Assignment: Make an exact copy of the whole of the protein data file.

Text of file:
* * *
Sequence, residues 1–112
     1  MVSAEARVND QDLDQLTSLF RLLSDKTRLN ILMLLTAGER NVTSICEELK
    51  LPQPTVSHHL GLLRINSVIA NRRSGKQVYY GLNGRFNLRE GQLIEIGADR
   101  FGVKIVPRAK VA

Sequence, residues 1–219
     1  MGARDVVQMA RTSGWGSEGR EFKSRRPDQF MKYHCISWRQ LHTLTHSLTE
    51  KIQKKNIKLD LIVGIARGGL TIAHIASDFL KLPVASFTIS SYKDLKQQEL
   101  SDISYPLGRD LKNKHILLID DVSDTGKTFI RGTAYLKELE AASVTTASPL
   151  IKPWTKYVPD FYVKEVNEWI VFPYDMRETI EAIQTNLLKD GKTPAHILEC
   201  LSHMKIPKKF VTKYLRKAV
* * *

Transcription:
Sequence, residues 1–112
     1  MVSAEARVND QDLDQLTSLF RLLSDKTRLN ILMLLTAGER NVTSICEELK
    51  LPQPTVSHHL GLLRINSVIA NRRSGKQVYY GLNGRFNLRE GQLIEIGADR
   101  FGVKIVPRAK VA

Sequence, residues 1–219
     1  MGARDVVQMA RTSGWGSEGR EFKSRRPDQF MKYHCISWRQ LHTLTHSLTE
    51  KIQKKNIKLD LIVGIARGGL TIAHIASDFL KLPVASFTIS SYKDLKQQEL
   101  SDISYPLGRD LKNKHILLID DVSDTGKTFI RGTAYLKELE AASVTTASPL
   151  IKPWTKYVPD FYVKEVNEWI VFPYDMRETI EAIQTNLLKD GKTPAHILEC
   201  LSHMKIPKKF VTKYLRKAV